I welcome being stuck at a laundromat because it means finding a “non-motif.”
You know how it is when you’re driving along looking for a picturesque subject to sketch. You never find it. Everything rushes by too fast as you look out the car window. Being plunked at a laundromat forces you to make the most of wherever you find yourself. Instead of a typical artistic motif, like a barn or a fishing boat, you have the chance to paint a non-motif, which is always more interesting.
Yesterday we spent a couple of hours at Benny’s Coin Laundry in Geneva, Ohio. All sorts of magnificently ordinary subjects presented themselves. Jeanette did a pen sketch of the Hong Kong King Buffet across the street.
I followed the ninety degree rule and faced toward a cell tower and a telephone pole. A guy came out of the laundry and said, “I’ve lived here 25 years, and I’ve never seen an artist painting the CVS.” He told us about how the old dance hall above the general store still has its parquet floor and gas lamps, but it is going to be cut up into apartments.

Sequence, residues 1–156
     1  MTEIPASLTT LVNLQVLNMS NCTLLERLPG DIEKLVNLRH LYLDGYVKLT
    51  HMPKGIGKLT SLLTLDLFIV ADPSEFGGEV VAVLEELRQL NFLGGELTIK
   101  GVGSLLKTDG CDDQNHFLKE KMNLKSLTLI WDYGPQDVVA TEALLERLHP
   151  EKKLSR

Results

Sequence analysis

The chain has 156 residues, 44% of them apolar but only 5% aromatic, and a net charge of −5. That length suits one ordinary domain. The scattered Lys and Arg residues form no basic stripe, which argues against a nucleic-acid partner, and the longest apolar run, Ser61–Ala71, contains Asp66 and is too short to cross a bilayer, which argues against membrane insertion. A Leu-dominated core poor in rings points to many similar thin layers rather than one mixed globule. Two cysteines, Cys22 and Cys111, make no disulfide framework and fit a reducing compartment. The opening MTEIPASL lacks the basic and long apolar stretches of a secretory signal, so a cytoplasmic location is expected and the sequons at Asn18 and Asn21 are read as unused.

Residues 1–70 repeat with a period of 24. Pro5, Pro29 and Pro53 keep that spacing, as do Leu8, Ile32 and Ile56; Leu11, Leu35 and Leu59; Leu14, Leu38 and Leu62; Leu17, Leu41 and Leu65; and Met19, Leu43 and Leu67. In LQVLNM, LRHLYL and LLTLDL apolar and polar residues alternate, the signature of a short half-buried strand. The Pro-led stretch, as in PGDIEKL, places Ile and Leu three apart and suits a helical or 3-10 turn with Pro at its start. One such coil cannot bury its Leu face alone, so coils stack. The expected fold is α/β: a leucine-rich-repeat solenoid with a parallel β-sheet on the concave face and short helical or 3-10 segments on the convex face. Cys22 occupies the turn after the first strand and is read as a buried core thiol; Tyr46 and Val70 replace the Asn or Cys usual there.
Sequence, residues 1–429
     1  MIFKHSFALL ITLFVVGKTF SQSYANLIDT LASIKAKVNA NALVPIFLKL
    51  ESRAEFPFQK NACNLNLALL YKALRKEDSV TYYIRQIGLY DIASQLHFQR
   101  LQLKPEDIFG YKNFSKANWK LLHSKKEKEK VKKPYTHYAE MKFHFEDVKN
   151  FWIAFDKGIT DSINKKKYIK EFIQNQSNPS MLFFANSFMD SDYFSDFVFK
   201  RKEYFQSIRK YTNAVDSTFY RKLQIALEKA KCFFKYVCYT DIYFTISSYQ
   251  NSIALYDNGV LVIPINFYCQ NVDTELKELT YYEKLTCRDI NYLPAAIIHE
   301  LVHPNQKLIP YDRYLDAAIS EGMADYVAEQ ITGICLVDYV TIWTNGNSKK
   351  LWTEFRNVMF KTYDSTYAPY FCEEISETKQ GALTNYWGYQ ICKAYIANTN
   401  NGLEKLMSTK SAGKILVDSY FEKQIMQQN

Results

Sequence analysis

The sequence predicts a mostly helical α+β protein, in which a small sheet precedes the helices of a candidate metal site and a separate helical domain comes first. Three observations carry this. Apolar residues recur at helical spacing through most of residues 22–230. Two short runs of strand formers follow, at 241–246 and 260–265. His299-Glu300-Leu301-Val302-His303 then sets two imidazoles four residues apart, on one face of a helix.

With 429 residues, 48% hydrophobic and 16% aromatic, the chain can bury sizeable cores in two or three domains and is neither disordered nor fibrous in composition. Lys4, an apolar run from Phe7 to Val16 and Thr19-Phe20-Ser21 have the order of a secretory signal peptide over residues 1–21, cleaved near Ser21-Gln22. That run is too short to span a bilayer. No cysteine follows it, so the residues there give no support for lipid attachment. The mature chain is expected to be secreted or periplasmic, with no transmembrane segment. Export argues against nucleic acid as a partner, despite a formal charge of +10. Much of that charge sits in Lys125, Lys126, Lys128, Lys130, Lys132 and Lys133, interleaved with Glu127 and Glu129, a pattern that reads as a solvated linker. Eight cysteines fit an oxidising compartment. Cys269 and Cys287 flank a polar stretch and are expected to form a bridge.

I used a Kuretake water brush pen. It comes in several sizes and has a tip of nylon fibers. I filled the clear plastic handle not with water but with the same Waterman brown ink that I use in my Waterman fountain pen, which I used for the line work. A second Kuretake holds a lighter tone of ink.
I had never really studied a cell tower before. This was the self-supporting kind, unlike the monopole or the guyed tower.
As we drove away, everything looked paintable, and I had to tear myself away from this one, a fast food sign in front of an abandoned Carnegie library. Non-motifs are all these candid vistas we take for granted in our everyday surroundings. They're attractive not because they are ugly or beautiful, but simply because they're there. They are the ubiquitous universe that we look at but rarely see.